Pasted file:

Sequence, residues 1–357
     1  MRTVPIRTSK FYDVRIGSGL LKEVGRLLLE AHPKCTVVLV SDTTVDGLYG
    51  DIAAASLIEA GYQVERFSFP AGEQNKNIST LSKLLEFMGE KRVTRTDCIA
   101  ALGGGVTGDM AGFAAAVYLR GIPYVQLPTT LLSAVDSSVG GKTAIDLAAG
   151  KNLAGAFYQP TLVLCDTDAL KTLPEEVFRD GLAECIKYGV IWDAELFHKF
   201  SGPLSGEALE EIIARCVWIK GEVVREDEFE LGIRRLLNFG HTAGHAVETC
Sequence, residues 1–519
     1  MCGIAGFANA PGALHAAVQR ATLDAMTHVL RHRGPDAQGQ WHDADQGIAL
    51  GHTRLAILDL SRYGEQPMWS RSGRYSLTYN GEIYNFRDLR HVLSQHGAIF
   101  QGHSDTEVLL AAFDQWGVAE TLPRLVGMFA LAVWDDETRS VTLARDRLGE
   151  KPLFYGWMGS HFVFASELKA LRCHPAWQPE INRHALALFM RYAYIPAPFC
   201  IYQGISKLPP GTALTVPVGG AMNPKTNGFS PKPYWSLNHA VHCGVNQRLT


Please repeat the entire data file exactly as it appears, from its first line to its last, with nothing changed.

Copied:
Sequence, residues 1–357
     1  MRTVPIRTSK FYDVRIGSGL LKEVGRLLLE AHPKCTVVLV SDTTVDGLYG
    51  DIAAASLIEA GYQVERFSFP AGEQNKNIST LSKLLEFMGE KRVTRTDCIA
   101  ALGGGVTGDM AGFAAAVYLR GIPYVQLPTT LLSAVDSSVG GKTAIDLAAG
   151  KNLAGAFYQP TLVLCDTDAL KTLPEEVFRD GLAECIKYGV IWDAELFHKF
   201  SGPLSGEALE EIIARCVWIK GEVVREDEFE LGIRRLLNFG HTAGHAVETC
Sequence, residues 1–519
     1  MCGIAGFANA PGALHAAVQR ATLDAMTHVL RHRGPDAQGQ WHDADQGIAL
    51  GHTRLAILDL SRYGEQPMWS RSGRYSLTYN GEIYNFRDLR HVLSQHGAIF
   101  QGHSDTEVLL AAFDQWGVAE TLPRLVGMFA LAVWDDETRS VTLARDRLGE
   151  KPLFYGWMGS HFVFASELKA LRCHPAWQPE INRHALALFM RYAYIPAPFC
   201  IYQGISKLPP GTALTVPVGG AMNPKTNGFS PKPYWSLNHA VHCGVNQRLT